The essence of swing bowling is to get the cricket ball to move away to the sideways as it moves it from side to side. The air towards or away from the batsman.
McGrath, Dennis Lillee, Wasim Akram, Irfan Pathan etc are all cricketers of repute. But they have one thing in common. The common factor is that they are all swing bowler. But the thing that connects all of them is they are all Swing bowler.
They all can change the direction of the ball in the air before they touch the ground. In the cricket world it is called the swing of the ball.
Swing a ball depends upon four things:
Let’s see how the ball swing…
When the ball is thrown to the air, a thin layer is formed around the ball, it is called the boundary layer. This layer doesn’t remain surrounded the ball all throughout its journey. At certain point of time it is separated from the ball and at the point of time the movement of the ball is determined.
The variety of boundary layer
This layer is of two types: Laminar and Turbulent.
In the laminar layer the air is smooth and regular.
In the turbulent layer, there are rapid fluctuations of air in velocity and pressure.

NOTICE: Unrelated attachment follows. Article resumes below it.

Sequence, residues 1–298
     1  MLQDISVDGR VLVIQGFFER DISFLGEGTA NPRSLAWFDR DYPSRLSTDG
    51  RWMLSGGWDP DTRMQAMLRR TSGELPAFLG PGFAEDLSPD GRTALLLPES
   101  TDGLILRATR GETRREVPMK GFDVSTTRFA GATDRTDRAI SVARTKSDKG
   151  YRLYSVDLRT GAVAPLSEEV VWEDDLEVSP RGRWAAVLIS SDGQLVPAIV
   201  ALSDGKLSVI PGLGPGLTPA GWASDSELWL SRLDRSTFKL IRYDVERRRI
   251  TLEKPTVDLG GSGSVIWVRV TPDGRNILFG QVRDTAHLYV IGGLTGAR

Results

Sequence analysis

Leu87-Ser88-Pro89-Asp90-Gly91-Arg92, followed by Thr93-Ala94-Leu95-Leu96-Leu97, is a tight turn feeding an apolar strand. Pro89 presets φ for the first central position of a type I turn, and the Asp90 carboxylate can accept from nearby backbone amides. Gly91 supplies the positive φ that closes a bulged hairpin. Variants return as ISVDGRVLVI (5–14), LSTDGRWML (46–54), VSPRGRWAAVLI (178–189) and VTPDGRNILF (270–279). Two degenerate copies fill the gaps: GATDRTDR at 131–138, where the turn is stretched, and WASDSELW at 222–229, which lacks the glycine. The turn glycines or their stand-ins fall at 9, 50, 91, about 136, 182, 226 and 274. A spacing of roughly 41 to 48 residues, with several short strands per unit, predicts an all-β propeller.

The boundary layer is sent to the turbulent layer for the seam and so the separation of the ball from the layer is delayed.
Types of swing
There are three types of swing:
In the past few years cricketers have been bombered with new and complicated descriptions of the deviation of the ball through the air, but only the select few can distinguish each of them, let alone the science behind them.
In the conventional swing, the fast bowlers in cricket make the ball swing by using the primary seam judiciously. The ball is released with the seam at an angle to the initial line of flight.
In the reverse swing the seam actually has a detrimental effect on the turbulent boundary layer by making it thicker and weaker and it therefore separates earlier than the turbulent layer over the bottom surface. Reverse swing generally comes into play with older balls.
In the Contrast swing the direction of the ball is determined by the bowling speed, as opposed to seam and smooth or rough surface orientations. A ball with a contrasting surface roughness is flying through the air at a relatively low speed with the seam straight up.
So to re-frame your question why ICC do not choose Tennis ball or any other balls over the current professional cricket ball.